A National Institute of Standards and Technology (NIST) scientist has demonstrated efficient production of single photons---the smallest pulses of light---at the highest temperatures reported for the photon source used. The advance is a step toward practical, ultrasecure quantum communications, as well as useful for certain types of metrology. The results are reported in the Feb. 23 issue of Applied Physics Letters.
"Single photon turnstiles" are being hotly pursued for quantum communications and cryptography, which involve using streams of individual photons in different quantum states to transmit encoded information. Due to the peculiarities of quantum mechanics, such transmissions could not be intercepted without being altered, thus ensuring that eavesdropping would be detected.
The photon source used in the NIST study was a "quantum dot," 10 to 20 nanometers wide, made of semiconductor materials. Quantum dots have special electronic properties that, when excited, cause the emission of light at a single wavelength that depends on dot size. An infrared laser tuned to a particular wavelength and intensity was used to excite the quantum dot, which produced photons one by one more than 91 percent of the time at temperatures close to absolute zero (5 K or about minus 459 degrees F) and continued to work at 53 percent efficiency at 120 K (minus 243 degrees F). Higher operating temperatures are preferable from a cost standpoint, because the need for cooling is reduced.
Laura Ost | EurekAlert!
Turning entanglement upside down
22.05.2018 | Universität Innsbruck
Astronomers release most complete ultraviolet-light survey of nearby galaxies
18.05.2018 | NASA/Goddard Space Flight Center
At the LASYS 2018, from June 5th to 7th, the Laser Zentrum Hannover e.V. (LZH) will be showcasing processes for the laser material processing of tomorrow in hall 4 at stand 4E75. With blown bomb shells the LZH will present first results of a research project on civil security.
At this year's LASYS, the LZH will exhibit light-based processes such as cutting, welding, ablation and structuring as well as additive manufacturing for...
There are videos on the internet that can make one marvel at technology. For example, a smartphone is casually bent around the arm or a thin-film display is rolled in all directions and with almost every diameter. From the user's point of view, this looks fantastic. From a professional point of view, however, the question arises: Is that already possible?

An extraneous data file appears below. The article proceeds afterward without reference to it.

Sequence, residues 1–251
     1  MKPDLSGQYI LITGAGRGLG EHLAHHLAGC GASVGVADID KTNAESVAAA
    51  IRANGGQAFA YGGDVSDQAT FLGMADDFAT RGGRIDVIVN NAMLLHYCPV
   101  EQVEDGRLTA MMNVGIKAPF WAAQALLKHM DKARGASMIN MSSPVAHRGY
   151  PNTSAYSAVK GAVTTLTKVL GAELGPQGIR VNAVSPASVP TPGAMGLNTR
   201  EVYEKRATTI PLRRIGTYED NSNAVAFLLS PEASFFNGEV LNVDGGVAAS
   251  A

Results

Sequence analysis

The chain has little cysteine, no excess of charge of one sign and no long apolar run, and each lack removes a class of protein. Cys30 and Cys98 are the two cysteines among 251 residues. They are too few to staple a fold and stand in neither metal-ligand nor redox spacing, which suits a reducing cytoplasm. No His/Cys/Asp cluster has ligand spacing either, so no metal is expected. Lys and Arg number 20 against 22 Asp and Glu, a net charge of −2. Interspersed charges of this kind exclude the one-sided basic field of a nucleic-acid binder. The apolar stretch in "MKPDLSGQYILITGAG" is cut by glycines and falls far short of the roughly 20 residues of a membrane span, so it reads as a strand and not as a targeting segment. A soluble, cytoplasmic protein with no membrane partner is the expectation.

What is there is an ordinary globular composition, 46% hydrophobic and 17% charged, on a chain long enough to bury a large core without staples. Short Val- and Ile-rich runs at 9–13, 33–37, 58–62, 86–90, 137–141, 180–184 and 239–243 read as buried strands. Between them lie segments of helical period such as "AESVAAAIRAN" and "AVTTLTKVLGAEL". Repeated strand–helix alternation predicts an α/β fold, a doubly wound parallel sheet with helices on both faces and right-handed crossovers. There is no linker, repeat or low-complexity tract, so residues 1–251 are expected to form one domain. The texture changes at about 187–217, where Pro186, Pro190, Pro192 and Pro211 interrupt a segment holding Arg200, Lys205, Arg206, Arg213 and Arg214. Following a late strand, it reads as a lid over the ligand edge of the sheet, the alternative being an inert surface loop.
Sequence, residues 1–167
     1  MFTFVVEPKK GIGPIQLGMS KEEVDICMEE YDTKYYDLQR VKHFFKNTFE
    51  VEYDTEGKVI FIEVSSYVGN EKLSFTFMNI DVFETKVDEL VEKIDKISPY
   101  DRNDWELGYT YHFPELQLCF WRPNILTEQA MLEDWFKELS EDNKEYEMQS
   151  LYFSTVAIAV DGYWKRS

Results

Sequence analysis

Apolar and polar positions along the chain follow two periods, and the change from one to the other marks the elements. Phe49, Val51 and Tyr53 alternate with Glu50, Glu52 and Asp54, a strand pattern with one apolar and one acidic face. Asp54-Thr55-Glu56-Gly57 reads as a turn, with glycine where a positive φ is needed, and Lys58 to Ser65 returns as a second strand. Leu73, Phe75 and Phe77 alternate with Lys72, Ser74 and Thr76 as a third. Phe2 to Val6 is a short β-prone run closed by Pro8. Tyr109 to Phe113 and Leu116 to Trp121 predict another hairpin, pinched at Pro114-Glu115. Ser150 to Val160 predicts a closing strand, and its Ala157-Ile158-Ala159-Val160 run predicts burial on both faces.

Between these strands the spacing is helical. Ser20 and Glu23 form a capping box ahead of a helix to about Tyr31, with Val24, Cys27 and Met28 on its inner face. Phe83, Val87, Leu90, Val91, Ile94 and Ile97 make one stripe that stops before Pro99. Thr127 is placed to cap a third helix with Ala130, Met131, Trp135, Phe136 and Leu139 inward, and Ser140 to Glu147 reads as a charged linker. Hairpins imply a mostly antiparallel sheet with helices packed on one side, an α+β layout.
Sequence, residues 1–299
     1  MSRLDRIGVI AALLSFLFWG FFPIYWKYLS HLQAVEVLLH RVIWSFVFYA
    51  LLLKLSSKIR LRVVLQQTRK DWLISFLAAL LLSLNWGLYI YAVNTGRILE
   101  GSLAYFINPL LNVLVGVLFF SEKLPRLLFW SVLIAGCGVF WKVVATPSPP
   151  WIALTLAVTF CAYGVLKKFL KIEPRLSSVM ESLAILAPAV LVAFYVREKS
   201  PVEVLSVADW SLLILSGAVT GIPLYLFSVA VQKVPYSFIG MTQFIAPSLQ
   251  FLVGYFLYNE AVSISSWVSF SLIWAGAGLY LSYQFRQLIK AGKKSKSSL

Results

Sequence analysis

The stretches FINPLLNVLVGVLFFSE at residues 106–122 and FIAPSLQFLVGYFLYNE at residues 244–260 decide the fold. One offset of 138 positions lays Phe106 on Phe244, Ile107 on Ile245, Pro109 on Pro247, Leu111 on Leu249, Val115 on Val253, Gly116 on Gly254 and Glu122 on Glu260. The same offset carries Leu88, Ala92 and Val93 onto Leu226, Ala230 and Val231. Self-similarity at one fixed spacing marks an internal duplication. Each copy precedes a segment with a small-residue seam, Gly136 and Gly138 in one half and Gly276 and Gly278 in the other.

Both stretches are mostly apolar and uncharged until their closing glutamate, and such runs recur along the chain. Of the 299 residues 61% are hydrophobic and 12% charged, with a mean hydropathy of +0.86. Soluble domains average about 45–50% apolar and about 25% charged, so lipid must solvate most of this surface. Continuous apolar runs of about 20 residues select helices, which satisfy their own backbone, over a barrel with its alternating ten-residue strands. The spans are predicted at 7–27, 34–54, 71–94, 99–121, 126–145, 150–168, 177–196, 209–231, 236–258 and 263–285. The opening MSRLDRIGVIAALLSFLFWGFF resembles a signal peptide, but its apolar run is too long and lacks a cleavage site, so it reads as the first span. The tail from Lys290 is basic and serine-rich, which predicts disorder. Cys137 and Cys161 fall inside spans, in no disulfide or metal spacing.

At Display Week 2018, scientists from the Fraunhofer Institute for Applied Polymer Research IAP will be demonstrating today’s technological possibilities and...
So-called quantum many-body scars allow quantum systems to stay out of equilibrium much longer, explaining experiment | Study published in Nature Physics
Recently, researchers from Harvard and MIT succeeded in trapping a record 53 atoms and individually controlling their quantum state, realizing what is called a...
The historic first detection of gravitational waves from colliding black holes far outside our galaxy opened a new window to understanding the universe. A...
A team led by Austrian experimental physicist Rainer Blatt has succeeded in characterizing the quantum entanglement of two spatially separated atoms by observing their light emission. This fundamental demonstration could lead to the development of highly sensitive optical gradiometers for the precise measurement of the gravitational field or the earth's magnetic field.
The age of quantum technology has long been heralded. Decades of research into the quantum world have led to the development of methods that make it possible...
02.05.2018 | Event News
13.04.2018 | Event News
12.04.2018 | Event News
22.05.2018 | Life Sciences
22.05.2018 | Earth Sciences
22.05.2018 | Trade Fair News